When puppies are little, they need to be actively taken outside very regularly. Any activity such as eating, drinking, playing or waking up will be followed by urination and/or defecation, so the puppy should be taken out after any such event, as well as numerous times in between. Just leaving the door open is not good enough - puppies need to be taken out, encouraged and praised.
We do not recommend negative reinforcement - shouting at your puppy and 'rubbing his nose in it' is very distressing and unnecessary. If you catch your dog going in the wrong place firmly say 'no', then take him to the appropriate place and use the usual command with lots of affection and encouragement. If your puppy has an accident it probably means you have not taken him out recently enough. Using paper training as an intermediate stage is not recommended, as it only confuses the issue.
My puppy is biting when we are playing, how can I stop this?
All puppies play-fight and bite. This is play, but they are also testing their strength and what they can get away with. Biting and mouthing during play should not be allowed as eventually it may do harm. If your puppy is playing in an inappropriate manner say 'no', push him away, stand up and then ignore him for a while. He will soon learn that play stops when he bites and so the behaviour will stop. Negative reinforcement, such as smacking on the nose, has no effect and is more likely to perpetuate the behaviour with a bitten hand!
My dog is chewing things, how can I stop this?
All puppies chew - it is normal investigative behaviour for a puppy. It also can provided comfort especially if the puppy is teething.
Make sure your puppy has plenty of appropriate things to chew. Toys must be safe for dogs to chew on - children's toys are not designed for puppies and parts may get stuck in the tummy if swallowed. 'Kongs' are ideal toys for dogs. Make sure you buy one appropriate to the size of your dog.
Make sure you don't leave shoes and enticing things lying around, or the temptation may be too much! When you have to leave your puppy for periods of time, putting him safely in the cage will prevent damage to property. If you are careful when your puppy is young, hopefully a habit will not form and you will be less likely to have problems later on. Puppies will tend to chew when they are bored or seeking attention, so giving your puppy plenty of exercise and stimulation should reduce his desire to be destructive.
How will my dog know its place in the family?
Your dog will consider your family as its pack. It is important for the safety of your family and the happiness of your dog that he knows where he stands in the pack.
Simple rules, if followed by the whole family, will reduce your dog's expectations and lead to a happier relationship. Sitting before being told he is allowed to eat is a good example. It is a good idea for dogs to be kept off the furniture and downstairs - these are good physical distinctions between human and dog.
As much as we may adore our dogs, it is best to resist the temptation to mother them too much - a dog is not a toy or a baby. Dogs are much happier when treated like dogs!
My dog is scared of fireworks, what can I do to help?
Many dogs are scared by loud noises, so the period around Guy Fawkes' night can be a stressful time for many dogs. On the night is important to reduce your dog's exposure by ensuring he is safely inside before dark. Putting on the TV or radio helps to dull down the noise whilst drawing the curtains and putting the lights on bright reduces the effect of flashes. If your dog hides away, it is sensible to allow this and make his chosen place comfortable for him. Try draping a duvet over a table and putting his bed, water bowl and toys under there too. Try not to comfort your dog otherwise, to him, this will reinforce the idea that his anxious behaviour is appropriate. Instead, it is best to remain calm and go about your normal activities.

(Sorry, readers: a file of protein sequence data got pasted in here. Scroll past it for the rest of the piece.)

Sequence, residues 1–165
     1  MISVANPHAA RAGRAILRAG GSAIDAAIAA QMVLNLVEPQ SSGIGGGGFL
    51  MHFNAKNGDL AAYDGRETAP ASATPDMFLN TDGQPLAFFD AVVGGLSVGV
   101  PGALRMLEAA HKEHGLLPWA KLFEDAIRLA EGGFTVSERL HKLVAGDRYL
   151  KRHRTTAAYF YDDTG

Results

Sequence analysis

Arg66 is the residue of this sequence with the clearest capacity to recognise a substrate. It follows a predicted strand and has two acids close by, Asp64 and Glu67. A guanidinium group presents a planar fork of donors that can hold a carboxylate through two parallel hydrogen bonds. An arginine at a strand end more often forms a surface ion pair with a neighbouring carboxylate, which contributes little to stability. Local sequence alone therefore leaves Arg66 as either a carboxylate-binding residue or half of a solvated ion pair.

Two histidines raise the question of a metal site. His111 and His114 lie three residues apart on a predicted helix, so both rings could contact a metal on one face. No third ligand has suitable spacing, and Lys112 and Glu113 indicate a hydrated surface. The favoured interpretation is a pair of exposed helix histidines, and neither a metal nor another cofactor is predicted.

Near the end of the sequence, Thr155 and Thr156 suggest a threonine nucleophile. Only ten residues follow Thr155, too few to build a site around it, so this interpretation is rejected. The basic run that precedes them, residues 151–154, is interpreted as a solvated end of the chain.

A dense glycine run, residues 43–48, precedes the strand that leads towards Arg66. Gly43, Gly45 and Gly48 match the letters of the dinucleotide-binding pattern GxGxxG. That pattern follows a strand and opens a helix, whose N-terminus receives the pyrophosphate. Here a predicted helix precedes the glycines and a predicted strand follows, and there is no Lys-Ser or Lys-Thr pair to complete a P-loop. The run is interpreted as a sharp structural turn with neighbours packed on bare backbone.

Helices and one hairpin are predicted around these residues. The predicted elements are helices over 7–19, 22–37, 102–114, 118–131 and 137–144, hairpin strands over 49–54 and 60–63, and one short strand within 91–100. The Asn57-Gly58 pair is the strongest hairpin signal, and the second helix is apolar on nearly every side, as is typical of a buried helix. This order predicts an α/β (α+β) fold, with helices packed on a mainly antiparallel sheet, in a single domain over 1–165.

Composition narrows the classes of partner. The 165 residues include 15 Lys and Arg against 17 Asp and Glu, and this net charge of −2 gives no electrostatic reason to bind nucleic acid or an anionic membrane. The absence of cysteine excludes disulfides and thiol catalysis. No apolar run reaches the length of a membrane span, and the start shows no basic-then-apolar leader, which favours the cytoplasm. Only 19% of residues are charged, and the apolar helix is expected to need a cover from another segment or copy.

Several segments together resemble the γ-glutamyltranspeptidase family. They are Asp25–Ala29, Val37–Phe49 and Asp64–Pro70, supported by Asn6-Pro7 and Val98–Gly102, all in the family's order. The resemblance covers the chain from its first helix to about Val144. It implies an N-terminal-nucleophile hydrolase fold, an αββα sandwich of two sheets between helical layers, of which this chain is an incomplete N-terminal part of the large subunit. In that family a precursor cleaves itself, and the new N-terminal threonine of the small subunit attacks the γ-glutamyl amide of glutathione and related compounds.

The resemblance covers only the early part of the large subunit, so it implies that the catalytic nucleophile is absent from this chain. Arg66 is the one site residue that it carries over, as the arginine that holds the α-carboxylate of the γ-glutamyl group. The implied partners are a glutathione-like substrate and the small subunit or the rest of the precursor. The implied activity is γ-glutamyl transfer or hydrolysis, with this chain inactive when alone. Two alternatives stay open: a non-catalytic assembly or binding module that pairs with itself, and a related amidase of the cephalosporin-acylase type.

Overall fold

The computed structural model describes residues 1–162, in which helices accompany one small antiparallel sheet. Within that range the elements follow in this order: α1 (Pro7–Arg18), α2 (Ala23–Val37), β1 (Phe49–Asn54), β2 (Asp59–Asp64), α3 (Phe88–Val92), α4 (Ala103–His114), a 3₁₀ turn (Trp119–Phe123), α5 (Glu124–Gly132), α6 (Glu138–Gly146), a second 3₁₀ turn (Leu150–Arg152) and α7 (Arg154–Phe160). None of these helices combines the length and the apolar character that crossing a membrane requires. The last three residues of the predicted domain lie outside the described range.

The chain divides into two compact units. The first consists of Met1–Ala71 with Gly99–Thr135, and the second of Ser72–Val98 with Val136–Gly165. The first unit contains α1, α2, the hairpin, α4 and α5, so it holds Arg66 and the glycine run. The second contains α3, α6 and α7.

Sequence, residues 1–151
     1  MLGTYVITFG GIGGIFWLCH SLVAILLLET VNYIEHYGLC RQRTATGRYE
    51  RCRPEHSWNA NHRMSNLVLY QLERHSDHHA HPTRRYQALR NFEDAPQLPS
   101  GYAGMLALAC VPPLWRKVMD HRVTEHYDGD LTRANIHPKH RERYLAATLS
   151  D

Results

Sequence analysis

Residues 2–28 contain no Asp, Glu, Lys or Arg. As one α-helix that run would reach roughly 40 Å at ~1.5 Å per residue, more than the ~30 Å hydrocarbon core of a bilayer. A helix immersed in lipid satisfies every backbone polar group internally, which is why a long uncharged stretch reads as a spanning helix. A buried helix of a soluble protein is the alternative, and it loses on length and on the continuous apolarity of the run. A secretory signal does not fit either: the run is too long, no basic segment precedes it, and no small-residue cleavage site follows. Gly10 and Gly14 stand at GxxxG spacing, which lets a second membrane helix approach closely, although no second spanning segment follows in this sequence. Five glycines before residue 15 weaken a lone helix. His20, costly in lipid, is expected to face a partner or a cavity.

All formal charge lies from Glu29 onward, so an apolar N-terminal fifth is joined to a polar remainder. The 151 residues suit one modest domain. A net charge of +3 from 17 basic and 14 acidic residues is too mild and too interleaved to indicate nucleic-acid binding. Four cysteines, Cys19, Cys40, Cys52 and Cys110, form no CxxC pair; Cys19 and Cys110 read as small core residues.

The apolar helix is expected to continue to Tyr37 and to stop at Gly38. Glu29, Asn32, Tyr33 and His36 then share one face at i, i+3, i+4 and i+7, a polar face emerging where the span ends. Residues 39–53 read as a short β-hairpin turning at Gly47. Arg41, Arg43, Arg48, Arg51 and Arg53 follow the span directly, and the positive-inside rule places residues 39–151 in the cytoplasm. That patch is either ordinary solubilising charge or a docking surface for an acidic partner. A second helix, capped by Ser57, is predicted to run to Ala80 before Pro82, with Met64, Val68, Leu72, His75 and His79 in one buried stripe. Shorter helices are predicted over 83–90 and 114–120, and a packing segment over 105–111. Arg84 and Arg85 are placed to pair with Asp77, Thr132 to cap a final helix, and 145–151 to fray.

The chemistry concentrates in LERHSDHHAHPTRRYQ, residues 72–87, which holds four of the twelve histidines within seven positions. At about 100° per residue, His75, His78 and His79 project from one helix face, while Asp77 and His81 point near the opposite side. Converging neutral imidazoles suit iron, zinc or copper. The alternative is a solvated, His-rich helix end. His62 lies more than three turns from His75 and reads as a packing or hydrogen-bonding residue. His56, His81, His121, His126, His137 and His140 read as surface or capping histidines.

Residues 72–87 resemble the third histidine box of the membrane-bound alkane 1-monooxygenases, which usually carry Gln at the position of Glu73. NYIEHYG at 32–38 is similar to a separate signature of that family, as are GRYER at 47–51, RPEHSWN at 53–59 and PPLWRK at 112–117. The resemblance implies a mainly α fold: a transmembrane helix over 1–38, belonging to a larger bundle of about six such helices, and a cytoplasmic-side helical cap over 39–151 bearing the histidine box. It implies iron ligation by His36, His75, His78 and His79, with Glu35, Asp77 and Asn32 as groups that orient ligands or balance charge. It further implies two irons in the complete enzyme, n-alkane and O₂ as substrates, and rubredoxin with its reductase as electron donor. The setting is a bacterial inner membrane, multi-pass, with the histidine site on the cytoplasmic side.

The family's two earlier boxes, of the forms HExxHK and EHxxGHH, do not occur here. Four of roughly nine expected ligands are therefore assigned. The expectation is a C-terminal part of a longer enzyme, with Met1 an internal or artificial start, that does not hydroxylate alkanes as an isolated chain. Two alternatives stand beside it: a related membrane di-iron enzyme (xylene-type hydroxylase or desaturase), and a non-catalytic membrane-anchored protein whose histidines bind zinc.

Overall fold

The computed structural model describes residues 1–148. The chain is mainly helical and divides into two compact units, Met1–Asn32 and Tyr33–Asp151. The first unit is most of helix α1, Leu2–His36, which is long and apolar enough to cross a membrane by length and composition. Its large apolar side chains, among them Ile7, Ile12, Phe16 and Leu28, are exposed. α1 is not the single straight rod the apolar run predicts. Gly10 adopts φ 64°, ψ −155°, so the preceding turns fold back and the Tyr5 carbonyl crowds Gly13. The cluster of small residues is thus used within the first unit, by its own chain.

Certain therapies are available which can really help to reduce anxiety at this time of year. These range from plug-in pheromone devices which provide a calming environment, to herbal remedies, natural calming proteins and prescription medications which help the dog to cope. Please discuss with your veterinary surgeon which of these options might be most appropriate for your pet. Many of these therapies work best when started in advance, so make sure you consult your vet well ahead of festivities. It is while dogs are on these therapies that behavioural modification can be used most effectively to reduce anxiety caused by noises. CDs which simulate various alarming noises can be obtained from Willows. If you start by playing these very quietly to your dog and simultaneously providing positive stimuli such as feeding, it may be possible to desensitise him to such noises. This takes time and patience but it can be very rewarding.
Such CDs are also of use in early socialisation to prevent noise phobias developing in the first place. Having the CD on quietly during a puppy's playing and feeding and then slowly increasing the volume will help him to get used to such noises from an early age.
What if a problem has already developed?
If your dog is exhibiting inappropriate behaviour, it is important to seek advice as soon as possible. Pet behaviour can be rather complex and owners frequently reinforce bad behaviour inadvertently, thus perpetuating the problem. If you have any concerns, please speak to your veterinary surgeon who will be happy to give advice where appropriate, and also to examine your dog to make sure there is no physical reason for the behaviour. More complicated behavioural issues may require referral to a behavioural specialist.
What are animal behavioural counsellors? Are they all the same?